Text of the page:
What happens if someone doesn't know that they are breaking the law?

Posted by Eric Olson | Jul 16, 2018 | 0 Comments

Ignorance of the Law as a Defense

A common occurrence in the criminal justice system is people trying to argue that they did not know what they did was illegal and that they should not face consequences as a result. Typically, this argument is fruitless. The general rule is that ignorance of the law is not a defense. However, as with many things in the legal realm, there are exceptions to the rule. In limited circumstances, ignorance of the law, or simply not realizing that something is illegal, can be a defense.

In general, there is no requirement that someone know that what they are doing is illegal in order to be convicted of a crime. For example, it is not necessary for a driver to know that their blood alcohol content was above .08 while they were driving in order to be convicted of a DWI. However, some criminal statutes prohibit knowingly violating the law. This means that in certain instances, a person must do something illegal and they must have known that it was illegal to do so.

Certain crimes require, as an element, that the defendant have had a certain mental state in order to be convicted. Under some statutes, the required mental state is that the defendant knows that their conduct is unlawful. Therefore, if a crime requires that the defendant know that they are in violation of the law at the time of the offense and the defendant, in fact, did not know that their conduct was unlawful, the necessary mental state does not exist. In this limited circumstance, ignorance of the law would be a complete defense because an element of the offense cannot be proven.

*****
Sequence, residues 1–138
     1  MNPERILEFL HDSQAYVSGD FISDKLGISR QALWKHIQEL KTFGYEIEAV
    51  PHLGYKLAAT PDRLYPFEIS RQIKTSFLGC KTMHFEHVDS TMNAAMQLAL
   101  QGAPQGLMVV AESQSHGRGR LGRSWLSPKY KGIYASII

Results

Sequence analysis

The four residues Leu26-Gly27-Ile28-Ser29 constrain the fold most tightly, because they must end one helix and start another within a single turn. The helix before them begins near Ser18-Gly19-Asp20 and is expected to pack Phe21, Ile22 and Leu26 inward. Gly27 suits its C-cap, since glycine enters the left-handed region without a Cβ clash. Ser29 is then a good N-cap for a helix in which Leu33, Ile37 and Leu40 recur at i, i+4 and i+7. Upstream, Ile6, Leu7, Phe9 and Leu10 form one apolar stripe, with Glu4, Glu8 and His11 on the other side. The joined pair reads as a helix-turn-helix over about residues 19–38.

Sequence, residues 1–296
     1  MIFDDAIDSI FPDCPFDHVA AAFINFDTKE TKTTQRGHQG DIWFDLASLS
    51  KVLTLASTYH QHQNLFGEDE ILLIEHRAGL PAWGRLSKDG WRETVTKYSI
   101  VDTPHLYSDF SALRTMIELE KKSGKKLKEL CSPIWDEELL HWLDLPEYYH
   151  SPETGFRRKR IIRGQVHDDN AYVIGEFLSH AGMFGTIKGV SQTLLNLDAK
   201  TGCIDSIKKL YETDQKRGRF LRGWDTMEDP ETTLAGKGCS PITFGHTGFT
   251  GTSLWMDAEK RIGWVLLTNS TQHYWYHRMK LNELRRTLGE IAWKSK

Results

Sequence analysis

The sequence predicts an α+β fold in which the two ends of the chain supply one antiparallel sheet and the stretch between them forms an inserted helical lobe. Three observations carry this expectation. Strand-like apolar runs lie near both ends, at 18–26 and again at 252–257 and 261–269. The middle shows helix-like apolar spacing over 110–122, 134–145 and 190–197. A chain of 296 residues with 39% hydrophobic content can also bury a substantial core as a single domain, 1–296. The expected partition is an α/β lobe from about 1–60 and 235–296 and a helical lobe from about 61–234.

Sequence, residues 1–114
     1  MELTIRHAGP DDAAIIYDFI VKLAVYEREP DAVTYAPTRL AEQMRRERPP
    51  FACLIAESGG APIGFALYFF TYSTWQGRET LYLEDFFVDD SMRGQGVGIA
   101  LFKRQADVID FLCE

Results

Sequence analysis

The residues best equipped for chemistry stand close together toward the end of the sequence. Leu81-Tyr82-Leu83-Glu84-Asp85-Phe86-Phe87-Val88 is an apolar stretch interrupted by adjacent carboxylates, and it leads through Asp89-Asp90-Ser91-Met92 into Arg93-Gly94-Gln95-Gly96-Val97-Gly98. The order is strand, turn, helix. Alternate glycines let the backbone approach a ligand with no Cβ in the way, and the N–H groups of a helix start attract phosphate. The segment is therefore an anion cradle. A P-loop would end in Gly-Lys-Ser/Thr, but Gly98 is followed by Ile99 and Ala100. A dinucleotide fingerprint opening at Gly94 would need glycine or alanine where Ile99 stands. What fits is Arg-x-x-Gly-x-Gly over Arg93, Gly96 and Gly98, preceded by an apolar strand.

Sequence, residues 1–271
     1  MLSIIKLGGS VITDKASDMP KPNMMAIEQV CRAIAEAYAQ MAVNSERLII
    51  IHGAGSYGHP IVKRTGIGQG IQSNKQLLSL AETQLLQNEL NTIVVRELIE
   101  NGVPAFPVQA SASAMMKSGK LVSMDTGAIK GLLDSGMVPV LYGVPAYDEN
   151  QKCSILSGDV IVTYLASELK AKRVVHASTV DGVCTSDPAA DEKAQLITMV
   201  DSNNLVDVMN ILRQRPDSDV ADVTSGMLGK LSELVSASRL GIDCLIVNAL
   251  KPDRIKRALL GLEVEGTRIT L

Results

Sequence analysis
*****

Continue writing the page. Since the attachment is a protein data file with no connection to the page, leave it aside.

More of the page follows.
Recent Minnesota Supreme Court Decision

This concept was recently highlighted in a recent decision from the Minnesota Supreme Court in State of Minnesota v. Mikulak. The defendant in the case was charged and pled guilty to knowingly violating a portion of the predatory offender registration statute. However, during his plea hearing, it became evident that the defendant did not know that his failure to register was unlawful. He appealed his conviction arguing that because he did not know he was required to register within 24 hours, he could not have knowingly failed to register within 24 hours. The Minnesota Court of Appeals affirmed the defendant's conviction reasoning that, "ignorance of the law is no excuse." The Minnesota Supreme Court reversed the defendant's conviction because ignorance of the law is a defense when the crime requires a knowing violation.

Mikulak was accused of knowingly violating a portion of the predatory offender statute. In order to be convicted Mikulak must have known that he was required to register within 24 hours of moving to a new county and fail to do so. Mikulak made statements in court that made it clear that he thought he was required to register within one week, not 24 hours. Therefore, he could not knowingly violate the requirement because he did not know that was a requirement. As a result, the Minnesota Supreme Court reversed the decision of the Court of Appeals and sent the case back to the district court for further proceedings.

Practical Application

It is important to note that ignorance of the law only works as a defense in limited circumstances. In most cases, it will not be an applicable defense because most crimes do not require that a defendant know that their conduct is in violation of the law. However, in those circumstances where a crime requires a knowing violation, the defense may be available. If you have been charged with a crime and think that ignorance of the law may be a defense, contact the attorneys of Olson Defense at 952-835-1088 for a free consultation.

About the Author

Eric Olson

Eric J. Olson has dedicated his career exclusively to criminal law, with a focus onDWI defense. For the past 16 years, Mr. Olson has developed a reputation in the legal community as an aggressive, compassionate advocate for his clients.


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